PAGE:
Saturday, August 24, 2013

Ford Photographic Farm

A 1964 Rochester Clarion photo of promotional photography being done at the Ford Photographic Farm on the former Ferry-Morse Seed Farm property.
If you're watching closely, you've seen glimpses of downtown Rochester in the background of some recent automobile commercials on television, and Michigan's film program has brought a number of location shoots to our area over the past few years.  But if you think using Rochester as a film backdrop is a new development, think again!

In May 1963,  Ford Tractor & Implement Operations leased 717 acres of the former Ferry-Morse Seed Farm lying east of Rochester Road and south of Hamlin from then-owner Howard L. McGregor.  The property was, at that time, a real working farm that was part of McGregor's Great Oaks Stock Farm holdings.  Ford Tractor was looking for property within a reasonable distance from its Birmingham offices on which to shoot photographs of its equipment in authentic farm situations, and the former Ferry property was the best candidate because of its size.

Loyce Snyder of Rochester was the supervisor of the photographic section of Ford Tractor's advertising and sales promotion department, which operated the Ford Photographic Farm.  Photos taken at the farm were used in sales brochures and national print advertising campaigns, but the company also shot about a dozen motion pictures at the site each year. Some backdrop shots were also taken in and around the village of Rochester.  These films were used for sales training or product demonstration purposes nationwide.
A 1964 national ad campaign for Ford used downtown Rochester looking north from Third Street as a background. The town was not identified in the ad, but everybody from the "Heart of the Hills" recognized their hometown.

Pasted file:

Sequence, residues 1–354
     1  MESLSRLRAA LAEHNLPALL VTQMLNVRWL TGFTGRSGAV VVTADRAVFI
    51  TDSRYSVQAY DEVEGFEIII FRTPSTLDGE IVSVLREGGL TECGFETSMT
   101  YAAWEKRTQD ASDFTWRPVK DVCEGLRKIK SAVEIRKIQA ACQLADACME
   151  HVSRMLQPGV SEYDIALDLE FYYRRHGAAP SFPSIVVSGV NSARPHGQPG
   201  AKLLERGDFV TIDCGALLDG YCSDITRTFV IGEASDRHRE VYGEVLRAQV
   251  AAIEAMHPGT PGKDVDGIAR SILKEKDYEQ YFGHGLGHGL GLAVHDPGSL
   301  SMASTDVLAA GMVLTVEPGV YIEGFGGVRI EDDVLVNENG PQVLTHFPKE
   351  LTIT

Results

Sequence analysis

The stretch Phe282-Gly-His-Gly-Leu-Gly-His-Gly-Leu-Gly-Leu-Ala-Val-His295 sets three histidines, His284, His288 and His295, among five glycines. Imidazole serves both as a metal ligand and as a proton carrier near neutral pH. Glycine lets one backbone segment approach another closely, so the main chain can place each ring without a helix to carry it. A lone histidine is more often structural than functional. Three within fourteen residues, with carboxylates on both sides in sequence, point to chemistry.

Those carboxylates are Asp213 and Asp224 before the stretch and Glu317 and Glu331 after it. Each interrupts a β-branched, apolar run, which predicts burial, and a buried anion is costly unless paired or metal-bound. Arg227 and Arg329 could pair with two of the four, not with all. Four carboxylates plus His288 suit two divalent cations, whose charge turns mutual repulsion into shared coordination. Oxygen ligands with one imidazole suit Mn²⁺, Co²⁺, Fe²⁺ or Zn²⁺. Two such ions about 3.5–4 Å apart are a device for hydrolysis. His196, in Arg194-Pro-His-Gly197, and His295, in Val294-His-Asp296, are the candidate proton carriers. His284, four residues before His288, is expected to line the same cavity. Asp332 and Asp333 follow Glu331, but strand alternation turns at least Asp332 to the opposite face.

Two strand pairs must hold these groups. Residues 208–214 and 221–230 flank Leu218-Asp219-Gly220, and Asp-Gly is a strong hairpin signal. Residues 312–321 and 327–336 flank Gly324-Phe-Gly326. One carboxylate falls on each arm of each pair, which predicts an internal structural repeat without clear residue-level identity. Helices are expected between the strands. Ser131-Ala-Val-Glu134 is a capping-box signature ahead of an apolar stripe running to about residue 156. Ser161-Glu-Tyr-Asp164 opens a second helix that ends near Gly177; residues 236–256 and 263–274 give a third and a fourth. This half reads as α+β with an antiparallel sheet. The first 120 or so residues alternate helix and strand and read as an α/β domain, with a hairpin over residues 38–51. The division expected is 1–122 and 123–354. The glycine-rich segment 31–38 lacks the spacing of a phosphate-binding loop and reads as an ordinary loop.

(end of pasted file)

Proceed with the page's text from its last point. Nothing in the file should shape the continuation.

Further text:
Few people knew much about what was happening at the Ford Photographic Farm because it was not open to visitors, but examples of its work can be found in vintage Ford Tractor ads.  Tractor lovers, if you've got any 1960s-era promotional literature stored away, be sure to look for glimpses of the Rochester area in the photo backgrounds. You may see something you recognize!


  1. My grandfather worked for Mr. McGregor when Ford started this and then hired on with them and ran the farm. it was a fully functional grain farm and they used it not only for the pictures but to test the competitors' latest tractors and equipment as well their own. My grandpa was in a lot of farm magazines over the years. There were two or three other guys who worked with grandpa and "the shop" as they used to call it was a room under the barn that held most of the equipment. This barn was the only one left standing and was eventually named the Boots and Saddles Riding Club. They lived in a big white house facing Rochester Rd. and my grandmother would wait with me for the bus when I went to Hamlin Elementary as the driveway came out directly facing the wall of Bordine's Nursery on Hamlin. There was a small garden next to the barn near the house and we sold sweet corn from a card table on Rochester Rd. for 50 cents/dozen. Had a great cherry and apple orchard in front of the house. That farm filled the entire area bordered by Rochester, Hamlin, John R and Auburn Rds. There was only one house on that side of Hamlin and my grandparents, mother and uncle lived in it while still working for Mr. McGregor. It was a great house as we had the opportunity to live in it for a few years before the farm was sold and developed. They tore it down and Regency Dr. sites right over it. The farm was sold about 1972 and the photographic farm moved to the Cherry Hill farm in Ypsilanti on Gotfredson Rd. where grandpa ran it until he retired in 1987. When they first moved there, there was a small, old barn still standing and my grandmother told me it used to house Henry Ford's fire truck when he had one there. Grandpa and grandma moved back to Rochester and into his parent's old house on Norton Lawn when he retired and later built a house on the empty lot next door where they both lived until they passed. My mother still tells stories about when grandpa worked the Ferry Seed Farm and traveled on the trains w/ McGregor's cattle to the different shows around the country. She remembers all this stuff like she was just there last weekend and it's been over 40 yrs. since they left Rochester.

  2. I lived on the seed farm, I remember playing on the tractors when I was little boy,my dad was the farm vet,bill pype,the house I lived in is still there, it's the club house for golf course, what a great place to grow up